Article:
Ultimately the prices of the house is almost the same wherever it is erected, it is the land it sits on. In Accounting the land and building are split out. Land is not depreciated but the property is. Then they changed the rules and you can revalue your land and buildings.... this expands the balance sheet and allows you to borrow. 

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Nobody should desire urban sprawl, London, home counties and the south east have a high density of people as it is a green belt is a green belt for a reason ........there are plenty of places where homes can and are being built, in really nice open areas, people move there.....it is the people that make a place.😉

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5 hours ago, byron78 said:

Oh yes.

Us Tories are several hundred years old.

This idealogy is 40 years old (ish), and has probably been failing the majority who didn't benefit from the initial "boom" (because they were either too young or too poor to hold any inflating assets), for at least the past 20 years.

When the Duke of Westminster was asked what advice he would give to a young entrepreneur wanting to succeed he supposedly said: “Make sure they have an ancestor who was a very close friend of William the Conqueror.”

You could now add, or be favoured by Mr Putin.

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On 21/08/2020 at 12:53, dugsbody said:

Look, you've made up your mind so there is no point trying to debate it

Yes, my mind is made up that assaulting innocent people is always wrong, even if you do sexy dressup in a cop costume while doing it.

You won't change that, in the same way you will never convince me that rape is ever anything other than despicable evil.

On 21/08/2020 at 12:53, dugsbody said:

You're happy for liars to be in control because they align with your anti-EU views.

I'm not happy for anyone to be in control. I accept that politics is all about violently imposing your opinion on other people and will therefore not only attract the worst people, but also they are far more successful at politics.

On 21/08/2020 at 12:53, dugsbody said:

your actions are those of a typical conservative authoritarian

You have no idea how I live my life lol. Do you mean my words?

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On 22/08/2020 at 15:14, Unmoderated said:

Yes with the housing and the location of it but the Adam Smith Institute has some good stuff on this. Apparently if planning rules were relaxed and 10% of the 'green belt' around London was opened up it would reduce the cost by 35%. I think they are trying to reduce the Londoncentric nature of the UK with HS2 and talk of the Northern Powerhouse. Certainly it is more likely now than before with Boris getting a lot of votes from the old Labour heartlands. Will be interesting to see how that unfolds.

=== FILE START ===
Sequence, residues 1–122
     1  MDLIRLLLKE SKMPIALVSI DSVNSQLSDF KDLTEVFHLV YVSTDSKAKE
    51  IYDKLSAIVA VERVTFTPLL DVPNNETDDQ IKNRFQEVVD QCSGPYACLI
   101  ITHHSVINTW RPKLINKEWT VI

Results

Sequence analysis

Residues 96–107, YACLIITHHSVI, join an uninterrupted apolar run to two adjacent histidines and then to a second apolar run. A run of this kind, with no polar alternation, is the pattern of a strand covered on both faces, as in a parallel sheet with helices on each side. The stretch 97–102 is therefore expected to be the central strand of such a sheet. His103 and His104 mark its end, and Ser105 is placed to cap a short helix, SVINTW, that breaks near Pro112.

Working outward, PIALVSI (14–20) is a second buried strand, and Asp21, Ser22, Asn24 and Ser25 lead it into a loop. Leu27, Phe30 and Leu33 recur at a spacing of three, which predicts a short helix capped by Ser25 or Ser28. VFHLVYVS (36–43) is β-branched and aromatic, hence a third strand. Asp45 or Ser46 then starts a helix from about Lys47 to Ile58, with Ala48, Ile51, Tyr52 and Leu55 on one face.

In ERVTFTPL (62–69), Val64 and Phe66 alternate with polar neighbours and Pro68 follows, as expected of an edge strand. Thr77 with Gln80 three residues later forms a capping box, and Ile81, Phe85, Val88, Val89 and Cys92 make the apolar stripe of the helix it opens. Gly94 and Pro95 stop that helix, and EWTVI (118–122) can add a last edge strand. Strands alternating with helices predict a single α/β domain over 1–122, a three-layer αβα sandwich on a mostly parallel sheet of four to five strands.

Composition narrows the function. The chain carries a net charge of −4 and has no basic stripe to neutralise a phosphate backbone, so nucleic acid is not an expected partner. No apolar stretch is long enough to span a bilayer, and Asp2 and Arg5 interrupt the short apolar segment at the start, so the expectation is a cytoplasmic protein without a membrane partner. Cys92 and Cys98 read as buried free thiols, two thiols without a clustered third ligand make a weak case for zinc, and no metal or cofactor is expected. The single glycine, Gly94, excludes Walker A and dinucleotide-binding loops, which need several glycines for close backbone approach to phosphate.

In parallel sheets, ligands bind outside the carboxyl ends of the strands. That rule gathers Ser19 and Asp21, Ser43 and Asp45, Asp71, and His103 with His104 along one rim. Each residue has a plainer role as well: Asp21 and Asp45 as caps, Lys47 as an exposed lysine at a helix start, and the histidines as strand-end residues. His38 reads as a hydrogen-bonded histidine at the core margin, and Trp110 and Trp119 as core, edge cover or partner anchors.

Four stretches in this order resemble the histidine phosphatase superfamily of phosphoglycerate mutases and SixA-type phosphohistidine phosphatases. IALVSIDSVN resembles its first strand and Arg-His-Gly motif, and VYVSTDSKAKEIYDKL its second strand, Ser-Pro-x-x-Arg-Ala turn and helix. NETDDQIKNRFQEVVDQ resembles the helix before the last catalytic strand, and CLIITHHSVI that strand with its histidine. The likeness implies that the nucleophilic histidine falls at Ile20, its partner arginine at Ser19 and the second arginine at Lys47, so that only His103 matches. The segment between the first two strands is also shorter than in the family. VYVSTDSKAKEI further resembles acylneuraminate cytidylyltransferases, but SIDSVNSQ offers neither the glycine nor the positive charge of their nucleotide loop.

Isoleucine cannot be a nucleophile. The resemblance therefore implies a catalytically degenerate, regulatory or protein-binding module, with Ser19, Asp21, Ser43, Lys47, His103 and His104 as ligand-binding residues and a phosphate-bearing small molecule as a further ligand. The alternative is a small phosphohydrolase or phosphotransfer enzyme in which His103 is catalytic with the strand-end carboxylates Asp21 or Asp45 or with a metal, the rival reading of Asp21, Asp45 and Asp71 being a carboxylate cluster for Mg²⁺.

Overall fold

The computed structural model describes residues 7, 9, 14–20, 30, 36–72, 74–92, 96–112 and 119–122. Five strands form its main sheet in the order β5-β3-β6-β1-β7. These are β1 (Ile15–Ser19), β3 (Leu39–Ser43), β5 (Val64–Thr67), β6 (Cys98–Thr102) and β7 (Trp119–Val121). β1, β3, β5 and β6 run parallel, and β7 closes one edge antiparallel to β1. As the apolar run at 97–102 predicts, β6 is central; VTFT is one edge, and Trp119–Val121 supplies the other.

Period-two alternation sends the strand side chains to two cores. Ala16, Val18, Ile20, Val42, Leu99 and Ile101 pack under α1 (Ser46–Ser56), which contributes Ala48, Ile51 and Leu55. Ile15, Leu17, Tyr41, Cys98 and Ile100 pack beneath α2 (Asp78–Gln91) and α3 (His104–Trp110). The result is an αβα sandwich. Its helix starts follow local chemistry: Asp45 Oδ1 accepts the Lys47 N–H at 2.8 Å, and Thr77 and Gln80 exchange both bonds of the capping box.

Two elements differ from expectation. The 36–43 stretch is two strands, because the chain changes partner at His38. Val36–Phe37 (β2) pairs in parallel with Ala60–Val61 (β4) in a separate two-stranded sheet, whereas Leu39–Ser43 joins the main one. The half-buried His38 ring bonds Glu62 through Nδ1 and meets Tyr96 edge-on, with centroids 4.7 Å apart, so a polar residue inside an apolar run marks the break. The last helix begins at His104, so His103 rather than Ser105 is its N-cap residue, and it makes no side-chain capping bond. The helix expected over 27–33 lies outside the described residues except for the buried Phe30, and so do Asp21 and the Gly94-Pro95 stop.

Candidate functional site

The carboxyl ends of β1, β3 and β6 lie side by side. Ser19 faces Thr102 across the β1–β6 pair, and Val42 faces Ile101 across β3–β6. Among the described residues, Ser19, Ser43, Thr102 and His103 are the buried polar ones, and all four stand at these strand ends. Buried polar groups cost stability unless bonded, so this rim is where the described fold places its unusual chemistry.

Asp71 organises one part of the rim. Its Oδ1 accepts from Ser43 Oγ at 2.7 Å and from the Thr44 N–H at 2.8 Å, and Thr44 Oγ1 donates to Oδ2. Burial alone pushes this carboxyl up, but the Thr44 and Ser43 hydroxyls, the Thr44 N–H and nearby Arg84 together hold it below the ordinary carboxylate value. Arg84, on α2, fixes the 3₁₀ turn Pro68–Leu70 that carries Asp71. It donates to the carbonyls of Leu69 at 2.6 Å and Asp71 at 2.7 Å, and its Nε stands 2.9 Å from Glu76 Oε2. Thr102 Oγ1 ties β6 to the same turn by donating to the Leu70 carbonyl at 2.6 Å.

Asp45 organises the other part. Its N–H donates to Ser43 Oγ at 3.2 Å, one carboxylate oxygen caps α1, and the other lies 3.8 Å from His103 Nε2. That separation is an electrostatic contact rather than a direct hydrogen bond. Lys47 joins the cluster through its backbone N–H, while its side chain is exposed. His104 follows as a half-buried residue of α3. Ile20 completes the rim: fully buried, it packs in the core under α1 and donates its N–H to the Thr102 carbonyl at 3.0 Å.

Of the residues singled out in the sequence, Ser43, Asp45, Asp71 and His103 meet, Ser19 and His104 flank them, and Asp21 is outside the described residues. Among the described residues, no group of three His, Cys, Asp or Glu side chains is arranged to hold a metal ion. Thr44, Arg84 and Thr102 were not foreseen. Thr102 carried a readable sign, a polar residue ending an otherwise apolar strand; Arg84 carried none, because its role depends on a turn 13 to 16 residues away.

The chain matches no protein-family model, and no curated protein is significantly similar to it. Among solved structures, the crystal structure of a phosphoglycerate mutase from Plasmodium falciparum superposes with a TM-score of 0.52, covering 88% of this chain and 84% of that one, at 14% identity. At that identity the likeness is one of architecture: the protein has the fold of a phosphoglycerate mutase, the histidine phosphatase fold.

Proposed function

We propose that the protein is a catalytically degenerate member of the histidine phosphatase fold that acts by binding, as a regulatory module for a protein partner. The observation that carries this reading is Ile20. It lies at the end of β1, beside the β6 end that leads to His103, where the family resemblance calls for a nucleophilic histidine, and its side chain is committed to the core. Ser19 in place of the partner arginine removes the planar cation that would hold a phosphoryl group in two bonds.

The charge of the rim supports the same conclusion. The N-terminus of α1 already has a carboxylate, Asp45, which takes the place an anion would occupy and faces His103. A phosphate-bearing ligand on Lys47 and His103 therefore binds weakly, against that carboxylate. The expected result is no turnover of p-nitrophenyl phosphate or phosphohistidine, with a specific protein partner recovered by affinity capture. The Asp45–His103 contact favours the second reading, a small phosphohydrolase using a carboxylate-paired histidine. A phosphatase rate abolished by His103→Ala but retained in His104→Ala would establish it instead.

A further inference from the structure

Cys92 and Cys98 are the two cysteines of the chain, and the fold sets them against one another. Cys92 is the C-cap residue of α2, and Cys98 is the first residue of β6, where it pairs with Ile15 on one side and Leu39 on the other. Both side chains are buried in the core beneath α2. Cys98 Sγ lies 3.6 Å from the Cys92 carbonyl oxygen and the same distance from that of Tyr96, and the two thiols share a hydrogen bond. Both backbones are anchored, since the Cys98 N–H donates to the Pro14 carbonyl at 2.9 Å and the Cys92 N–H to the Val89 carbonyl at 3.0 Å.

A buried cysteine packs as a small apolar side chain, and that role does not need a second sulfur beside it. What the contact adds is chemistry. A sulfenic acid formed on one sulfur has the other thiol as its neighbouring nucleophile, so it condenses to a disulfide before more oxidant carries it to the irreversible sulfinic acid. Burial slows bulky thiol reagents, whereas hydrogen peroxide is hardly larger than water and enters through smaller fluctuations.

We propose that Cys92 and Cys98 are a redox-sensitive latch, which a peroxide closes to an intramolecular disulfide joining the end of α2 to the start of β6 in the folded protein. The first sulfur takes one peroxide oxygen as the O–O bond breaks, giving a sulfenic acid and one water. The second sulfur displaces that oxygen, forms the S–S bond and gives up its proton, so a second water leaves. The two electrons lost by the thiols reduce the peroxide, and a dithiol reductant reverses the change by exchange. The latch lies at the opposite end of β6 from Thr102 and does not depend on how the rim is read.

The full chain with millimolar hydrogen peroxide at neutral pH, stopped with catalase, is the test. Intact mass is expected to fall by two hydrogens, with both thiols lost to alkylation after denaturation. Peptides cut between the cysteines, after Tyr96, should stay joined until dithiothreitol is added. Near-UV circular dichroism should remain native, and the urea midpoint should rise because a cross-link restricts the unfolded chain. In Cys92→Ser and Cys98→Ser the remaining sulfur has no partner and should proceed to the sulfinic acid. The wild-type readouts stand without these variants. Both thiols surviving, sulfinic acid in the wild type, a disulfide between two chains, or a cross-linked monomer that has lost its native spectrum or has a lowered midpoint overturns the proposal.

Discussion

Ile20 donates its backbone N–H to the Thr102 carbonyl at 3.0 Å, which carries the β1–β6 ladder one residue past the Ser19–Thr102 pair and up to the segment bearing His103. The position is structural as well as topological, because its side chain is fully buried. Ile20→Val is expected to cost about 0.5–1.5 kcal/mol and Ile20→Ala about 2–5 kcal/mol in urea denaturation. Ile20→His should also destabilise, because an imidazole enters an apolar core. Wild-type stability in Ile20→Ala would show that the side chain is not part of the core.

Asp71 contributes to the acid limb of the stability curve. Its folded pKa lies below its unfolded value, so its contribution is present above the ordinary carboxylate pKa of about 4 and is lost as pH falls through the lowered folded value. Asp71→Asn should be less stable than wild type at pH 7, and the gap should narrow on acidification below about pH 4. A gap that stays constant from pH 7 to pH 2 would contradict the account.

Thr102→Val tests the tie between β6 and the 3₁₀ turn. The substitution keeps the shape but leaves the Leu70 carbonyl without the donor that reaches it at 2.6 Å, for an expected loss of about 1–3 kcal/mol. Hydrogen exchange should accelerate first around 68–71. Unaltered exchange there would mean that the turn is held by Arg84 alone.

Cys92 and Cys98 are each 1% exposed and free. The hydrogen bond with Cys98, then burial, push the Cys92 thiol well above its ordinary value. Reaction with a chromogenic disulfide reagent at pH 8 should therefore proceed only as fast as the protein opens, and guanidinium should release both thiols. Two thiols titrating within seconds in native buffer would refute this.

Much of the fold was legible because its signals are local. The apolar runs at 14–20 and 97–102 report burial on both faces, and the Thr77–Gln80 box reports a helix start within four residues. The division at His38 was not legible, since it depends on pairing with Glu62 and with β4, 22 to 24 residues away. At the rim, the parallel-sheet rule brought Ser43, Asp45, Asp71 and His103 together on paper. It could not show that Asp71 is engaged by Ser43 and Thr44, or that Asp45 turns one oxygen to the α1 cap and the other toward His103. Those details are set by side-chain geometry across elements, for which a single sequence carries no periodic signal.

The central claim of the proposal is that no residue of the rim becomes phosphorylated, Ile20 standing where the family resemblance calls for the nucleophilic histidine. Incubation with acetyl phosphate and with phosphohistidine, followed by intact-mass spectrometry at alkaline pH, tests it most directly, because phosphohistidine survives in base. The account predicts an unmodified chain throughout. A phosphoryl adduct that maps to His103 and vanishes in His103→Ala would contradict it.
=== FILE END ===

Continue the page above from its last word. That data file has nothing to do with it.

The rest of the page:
In other words make more places more like London. No thanks. Londoncentric is largely a bad thing but it has had the upside of concentrating crappy obnoxious development more there.

As for your 10% greenbelt, that's still a lot of damage and still irrelevant unless the demand doesn't keep going up indefinitely, otherwise it needs to be another chunk, then another, then another... Any such plan must be regarded at best a necessary evil that absolutely has to go hand-in-hand with stopping the constant upwards pressure. Hint - it's not the greenbelt that needs to go...

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5 minutes ago, Riedquat said:

In other words make more places more like London. No thanks. Londoncentric is largely a bad thing but it has had the upside of concentrating crappy obnoxious development more there.

As for your 10% greenbelt, that's still a lot of damage and still irrelevant unless the demand doesn't keep going up indefinitely, otherwise it needs to be another chunk, then another, then another... Any such plan must be regarded at best a necessary evil that absolutely has to go hand-in-hand with stopping the constant upwards pressure. Hint - it's not the greenbelt that needs to go...

the development is crappy in your opinion, presumably enough people think its good enough to make it viable. Besides, I take it you have seen other cities in the UK and they're all supposedly free of that type of wrong development?

It's not my 10% of the greenbelt, it's being proposed by the Adam Smith institute as a solution to high housing costs. It is surely better to concentrate future development right next to existing infrastructure rather than building garden cities and levelling many more acres for transports access?

They aren't saying make everywhere like London, There are 69 cities in the UK and if they were all 'London' (what exactly are we defining as London is another problem) that's enough to house Europe. What they are advocating is the German model of regional and diverse economic and social pulls. Berlin is the largest city in Germany and has a population of 3m for example. 

12.4% of the UK is designated greenbelt so 1.2% being built on doesn't seem a catastrophe. I agree you need to look at the issue of population but then you get right into demographics. I used to work with an old boomer who was a full on first class nimby from Winchester. he Pi$$ed and moaned about them building fertile fields etc. Went quiet when I asked him what his house was built on and there in lies the issue. The other issue is how you get a constant column of demographic under those retired/unable to work to pay for the whole show. 

"Hint - it's not the greenbelt that needs to go..." - you proposing to start deporting people? Would you lead by example?

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2 hours ago, Unmoderated said:

the development is crappy in your opinion, presumably enough people think its good enough to make it viable. Besides, I take it you have seen other cities in the UK and they're all supposedly free of that type of wrong development?